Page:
Posts tagged: art
My thesis project, Dom & Sub, a.k.a. why I’ve been such a bad tumblr-er/bad friend/etc. My artist statement:
Dom & Sub is a body of illustrative work in digital media that attempts to humanize practitioners of BDSM and offer a representation of kinky sex that not only refutes negative stereotypes but informs the audience that sadomasochistic play is done best between happy, healthy, and consenting adults. I portrayed the couple in the work not only engaging in S&M play but also building a “scene” together and nurturing one another after the play has concluded; these are moments often left unconsidered or completely ignored in visual representations of S&M. I believe it’s important to see how kinky scenes are crafted with care, commitment to safety and enthusiastic consent in order to limit those times when sadomasochistic play is used to abuse or dehumanize other human beings. It is my hope that my audience will learn from the illustrations that sadomasochistic play is not always dark or scary, and that fellow ‘kinksters’ can enjoy tender representations of S&M that do not ridicule or pathologize them. I’ve designed the work to engage sadomasochistic imagery, material and theory with an ethical conscience.
LOVE. THESE. REDESIGNS. Kinda want the Catwoman hoodie.
STUNNING! These “practical” superheroine redesigns by Meredith McClaren are just to die for. I love how fashionable they are, how much they take into consideration the real world, there’s a practicality and function that is nevertheless completely badass. They’re also so far away from “basic catsuit” type stuff that it all feels so damn new and fresh!I mean…Look at that freaking Zatanna! I’ve never seen anything like that!
AND, you’ll be able to buy the original line art for some of these as she releases rewards this week for her AWESOME KICKSTARTER…although you guys are going to have to fight me for that Catwoman.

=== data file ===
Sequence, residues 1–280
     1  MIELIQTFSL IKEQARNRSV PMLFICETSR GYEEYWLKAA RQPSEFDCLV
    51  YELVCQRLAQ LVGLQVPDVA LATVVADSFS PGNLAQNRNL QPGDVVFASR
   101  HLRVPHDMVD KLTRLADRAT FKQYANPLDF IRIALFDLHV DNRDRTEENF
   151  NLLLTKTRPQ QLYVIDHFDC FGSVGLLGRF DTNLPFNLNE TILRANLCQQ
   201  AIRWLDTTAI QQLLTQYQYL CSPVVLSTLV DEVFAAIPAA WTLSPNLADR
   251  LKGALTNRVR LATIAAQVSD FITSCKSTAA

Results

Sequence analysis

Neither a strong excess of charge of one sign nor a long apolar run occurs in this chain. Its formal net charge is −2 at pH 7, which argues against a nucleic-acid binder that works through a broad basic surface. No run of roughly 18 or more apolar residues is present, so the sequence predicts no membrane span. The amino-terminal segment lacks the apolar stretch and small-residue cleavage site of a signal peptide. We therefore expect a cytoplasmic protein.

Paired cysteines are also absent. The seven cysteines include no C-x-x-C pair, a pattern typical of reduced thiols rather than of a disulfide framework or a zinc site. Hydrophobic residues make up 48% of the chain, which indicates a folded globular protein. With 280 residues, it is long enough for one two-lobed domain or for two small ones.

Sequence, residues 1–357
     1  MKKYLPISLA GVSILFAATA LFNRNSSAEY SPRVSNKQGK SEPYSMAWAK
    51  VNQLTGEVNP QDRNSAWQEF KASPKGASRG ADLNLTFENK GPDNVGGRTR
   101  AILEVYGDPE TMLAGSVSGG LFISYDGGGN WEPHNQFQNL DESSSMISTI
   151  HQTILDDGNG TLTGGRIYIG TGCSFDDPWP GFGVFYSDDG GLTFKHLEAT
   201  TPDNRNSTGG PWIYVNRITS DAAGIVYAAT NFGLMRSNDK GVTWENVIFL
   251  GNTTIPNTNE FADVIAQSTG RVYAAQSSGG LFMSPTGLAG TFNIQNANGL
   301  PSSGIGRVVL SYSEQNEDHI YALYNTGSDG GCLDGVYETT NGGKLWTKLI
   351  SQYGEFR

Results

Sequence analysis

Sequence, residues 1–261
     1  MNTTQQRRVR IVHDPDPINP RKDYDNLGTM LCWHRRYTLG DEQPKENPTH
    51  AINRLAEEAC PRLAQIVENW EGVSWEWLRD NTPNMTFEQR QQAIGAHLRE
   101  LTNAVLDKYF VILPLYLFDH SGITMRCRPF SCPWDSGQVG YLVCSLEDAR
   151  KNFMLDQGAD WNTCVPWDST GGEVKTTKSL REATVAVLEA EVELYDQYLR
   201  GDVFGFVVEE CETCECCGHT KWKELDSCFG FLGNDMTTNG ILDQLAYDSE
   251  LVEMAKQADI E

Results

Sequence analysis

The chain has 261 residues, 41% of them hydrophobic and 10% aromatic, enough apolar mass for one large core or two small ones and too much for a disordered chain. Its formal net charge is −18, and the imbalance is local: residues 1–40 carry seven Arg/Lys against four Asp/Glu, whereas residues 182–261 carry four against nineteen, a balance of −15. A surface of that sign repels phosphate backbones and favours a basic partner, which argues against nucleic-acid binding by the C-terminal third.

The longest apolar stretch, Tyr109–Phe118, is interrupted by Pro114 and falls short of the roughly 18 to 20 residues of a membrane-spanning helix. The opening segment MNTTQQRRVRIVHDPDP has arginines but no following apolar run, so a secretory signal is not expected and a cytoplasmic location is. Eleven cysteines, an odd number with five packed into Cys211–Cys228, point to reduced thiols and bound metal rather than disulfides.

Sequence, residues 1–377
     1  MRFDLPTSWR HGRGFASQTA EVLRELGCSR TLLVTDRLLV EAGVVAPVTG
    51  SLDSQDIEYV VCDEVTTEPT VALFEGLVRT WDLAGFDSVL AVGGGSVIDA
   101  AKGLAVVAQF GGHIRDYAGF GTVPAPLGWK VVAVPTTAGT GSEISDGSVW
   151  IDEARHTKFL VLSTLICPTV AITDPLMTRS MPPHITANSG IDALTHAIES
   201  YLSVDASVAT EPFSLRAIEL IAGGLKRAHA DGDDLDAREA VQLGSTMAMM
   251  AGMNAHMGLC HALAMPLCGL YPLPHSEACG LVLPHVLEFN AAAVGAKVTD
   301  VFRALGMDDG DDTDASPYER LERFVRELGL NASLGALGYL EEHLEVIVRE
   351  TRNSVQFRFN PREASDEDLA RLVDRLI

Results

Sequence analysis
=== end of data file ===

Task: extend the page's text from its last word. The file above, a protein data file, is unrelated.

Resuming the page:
These are so amazing guys!
Meredith is beyond talented.
If you haven’t already you should go support her Kickstarter.
1 I have been doing art since I could hold a crayon. I became aware of “art” rather than just coloring books, somewhere between 4-7 I think. I tried to draw my own version of the Mona Lisa. I still have the picture in a shoebox up at my parents’. I then did a lot of portraits until age 11 or 12 when I became self-conscious and thought I was awful at them. Everyone’s head-shape was oval, with all the features squished in the middle. In 6th or 7th grade, I met a friend who taught me how to actually draw facial features.
This is from the early 2000’s, I don’t know what year specifically.
4 Semi-realism with residual manga influence from when I actually started teaching myself how to draw in middle school. Usually has visible outlines.
5 I used to own a ton of how to draw books, so I tried whatever style was included in that. I bought a cartooning book in middle school but don’t think I even made it to practicing. My main thing was doing manga in middle school and high school, before it became super popular. This means the art books I had were actually for teaching the style rather than a quick cash-in by untalented people who drew everything with big eyes, spiky hair, and pointy chins because people would be anything that said “manga/anime.” My high school teacher hated me doing that style, so eventually I stopped due to pressure and her accusing me of copying someone else (who incidentally had copied a Final Fantasy character for an assignment) even though I had never met him or seen his art prior to the accusation and her pointing to the image on the back wall. I learned realism in college. I occasionally try to copy artists I admire, like Audrey Kawasaki, Erik Jones, or whoever’s art I have as a computer wallpaper at the time.